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Best Lacrosse Stick for Attack:
Players looking to purchase a stick will either buy a complete model or buy the shaft and head separately in order to modify the stick to their style of play. Complete sticks are usually a great way to get beginners started in the game because the manufacturers have paired up a head and a stick that is best-suited for those who are just learning how to play.
Here are five of the best complete lacrosse sticks for attack you should consider when you're ready to buy. Each one chosen along the following criteria including materials used in construction, components offered, strength, durability, performance, and price.
Nike has been making a strong push into the highly-competitive marketplace of lacrosse gear, and this stick is a good indication of their dedication to the sport. Complete sticks are often considered the low end of game gear, but Nike's Elite stick is high on our list because of the attention to detail clearly put into its design. Read Full Review
Warrior has teamed up with pro Paul Rabil to design a line of lacrosse gear suitable for all skill levels. The Next has everything you need to introduce first time players to the world of lacrosse. It features a deep pocket, flat scoop, and a ChampRings shaft to help beginners learn proper hand location for all facets of the game. Read Full Review
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A beginner's stick in every possible way the wide face head, flat scoop, soft mesh, and the bare bones shaft. This stick is suited for beginners and will do the job it's supposed to do at a terrific price. Read Full Review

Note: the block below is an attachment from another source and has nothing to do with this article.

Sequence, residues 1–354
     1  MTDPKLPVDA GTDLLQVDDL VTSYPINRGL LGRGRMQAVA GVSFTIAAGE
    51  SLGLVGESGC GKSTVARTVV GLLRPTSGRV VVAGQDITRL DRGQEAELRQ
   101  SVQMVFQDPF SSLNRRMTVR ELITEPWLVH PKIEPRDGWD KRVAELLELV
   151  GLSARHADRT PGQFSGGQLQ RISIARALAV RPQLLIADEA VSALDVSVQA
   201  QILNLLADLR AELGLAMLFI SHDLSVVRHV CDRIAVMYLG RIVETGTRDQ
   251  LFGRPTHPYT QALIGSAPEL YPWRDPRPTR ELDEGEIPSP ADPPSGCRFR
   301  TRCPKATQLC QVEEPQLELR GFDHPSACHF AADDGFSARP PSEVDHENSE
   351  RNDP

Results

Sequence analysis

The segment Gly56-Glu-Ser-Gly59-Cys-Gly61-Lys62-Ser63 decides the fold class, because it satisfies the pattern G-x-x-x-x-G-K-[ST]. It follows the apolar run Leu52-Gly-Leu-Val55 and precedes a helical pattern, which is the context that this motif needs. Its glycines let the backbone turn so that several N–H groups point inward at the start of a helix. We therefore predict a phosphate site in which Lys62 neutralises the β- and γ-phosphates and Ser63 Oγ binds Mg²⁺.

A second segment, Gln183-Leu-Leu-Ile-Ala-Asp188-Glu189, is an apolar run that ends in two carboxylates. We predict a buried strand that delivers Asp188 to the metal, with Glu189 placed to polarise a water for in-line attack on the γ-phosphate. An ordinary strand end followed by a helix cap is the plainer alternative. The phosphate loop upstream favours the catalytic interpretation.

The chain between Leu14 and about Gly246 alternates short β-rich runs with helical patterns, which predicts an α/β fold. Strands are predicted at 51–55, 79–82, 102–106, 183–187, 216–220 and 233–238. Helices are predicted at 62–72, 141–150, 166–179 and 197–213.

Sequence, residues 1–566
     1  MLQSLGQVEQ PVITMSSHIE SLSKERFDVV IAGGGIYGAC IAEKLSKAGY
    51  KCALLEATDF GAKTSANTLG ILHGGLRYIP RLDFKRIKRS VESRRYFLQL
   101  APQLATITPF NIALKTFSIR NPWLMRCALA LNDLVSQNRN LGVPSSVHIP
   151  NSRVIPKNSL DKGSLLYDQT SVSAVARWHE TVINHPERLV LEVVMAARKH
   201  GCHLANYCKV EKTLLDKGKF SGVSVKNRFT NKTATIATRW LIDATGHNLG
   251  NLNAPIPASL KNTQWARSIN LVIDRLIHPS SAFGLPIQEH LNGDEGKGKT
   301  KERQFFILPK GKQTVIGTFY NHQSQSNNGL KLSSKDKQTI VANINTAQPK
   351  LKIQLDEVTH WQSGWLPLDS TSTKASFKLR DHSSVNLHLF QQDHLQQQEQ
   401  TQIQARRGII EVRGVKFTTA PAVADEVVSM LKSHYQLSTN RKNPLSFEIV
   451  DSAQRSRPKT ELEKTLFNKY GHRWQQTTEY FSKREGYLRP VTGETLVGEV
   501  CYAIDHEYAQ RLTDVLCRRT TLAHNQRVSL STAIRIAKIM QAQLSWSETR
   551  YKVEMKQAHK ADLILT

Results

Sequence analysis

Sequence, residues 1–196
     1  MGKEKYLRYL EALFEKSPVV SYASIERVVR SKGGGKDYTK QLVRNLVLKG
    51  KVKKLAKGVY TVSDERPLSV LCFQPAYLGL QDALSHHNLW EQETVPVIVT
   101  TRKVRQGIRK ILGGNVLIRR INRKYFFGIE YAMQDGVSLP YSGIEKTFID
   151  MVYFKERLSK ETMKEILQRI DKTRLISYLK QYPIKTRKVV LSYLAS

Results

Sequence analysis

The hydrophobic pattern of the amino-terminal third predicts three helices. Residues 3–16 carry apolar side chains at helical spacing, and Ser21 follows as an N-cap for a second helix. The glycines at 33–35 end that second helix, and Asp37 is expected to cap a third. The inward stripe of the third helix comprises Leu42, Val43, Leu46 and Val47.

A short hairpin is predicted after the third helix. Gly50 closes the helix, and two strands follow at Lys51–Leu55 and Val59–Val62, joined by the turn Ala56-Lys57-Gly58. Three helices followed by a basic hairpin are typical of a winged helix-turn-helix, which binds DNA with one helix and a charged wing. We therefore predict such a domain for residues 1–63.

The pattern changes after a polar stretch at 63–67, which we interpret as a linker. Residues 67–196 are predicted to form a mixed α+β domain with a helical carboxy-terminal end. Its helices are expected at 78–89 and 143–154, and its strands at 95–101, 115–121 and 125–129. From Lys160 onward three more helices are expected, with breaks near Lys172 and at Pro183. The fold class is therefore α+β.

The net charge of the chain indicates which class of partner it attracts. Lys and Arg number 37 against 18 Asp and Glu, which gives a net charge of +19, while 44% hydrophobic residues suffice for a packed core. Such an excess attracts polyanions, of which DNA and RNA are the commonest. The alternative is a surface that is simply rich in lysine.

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An entry level complete stick you can pick up for about $35, the Bazooka debuted earlier this years and it's been a pretty good seller for Maverik. It offers all of the basics in both form and function, with flashy-looks young players will likely gravitate towards. Read Full Review
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Best Lacrosse Goalie Stick:
Some goalies just seem like they were destined for the position the minute they were born, while others pick up an affinity for being a human shield later on in life. For those of you who are considering the thought of playing goalie, or are still settling into the new surroundings of your chosen calling, you are going to need an effective weapon to protect the crease. Many beginners often choose to buy their stick with the head and shaft packaged together. This is a good way to save a little money in case you realize that maybe you were meant to be an attacker instead. Veterans sometimes choose a complete stick as well, because they just like the way the stick feels, and that's really the best way to buy any piece of lacrosse gear. These are five of the best complete goalie sticks that you can buy right now.
STX's popular Eclipse head comes on an AMP 6000 shaft to build a solid, battle-tested complete stick that beginners and budding All-Americans alike will want to wield. The stiff offset head and alloy shaft create a lightweight package and long-lasting head that won't require a hefty investment either. Read Full Review
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Warrior's Nemesis Lyte has a wide stopping area and a pinched sidewall that makes precision ball release a breeze. Everything about this stick screams quality, from the Noz nitrogen-infused plastic of the head to the lightweight alloy shaft, the Nemesis Lyte is a great goalie head now available in one package. Read Full Review
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A good value comparison to the Nemesis and the Eclipse, Brine's Money goalie stick has a similar shaped head to the others, and while it weighs a bit more, it has a very forgiving stopping area. The stringing holes can accommodate any type of mesh and pocket you can think to build. Read Full Review
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The Goalmaster is just about the most basic goalie stick out there at the moment. But that's not necessarily a bad thing. In fact, this is the one to go with for the absolute beginner eager to learn everything there is to know about protecting the crease. It's built to ease any first-timer through the stepping stones to greatness with its stiffness and head shape. Read Full Review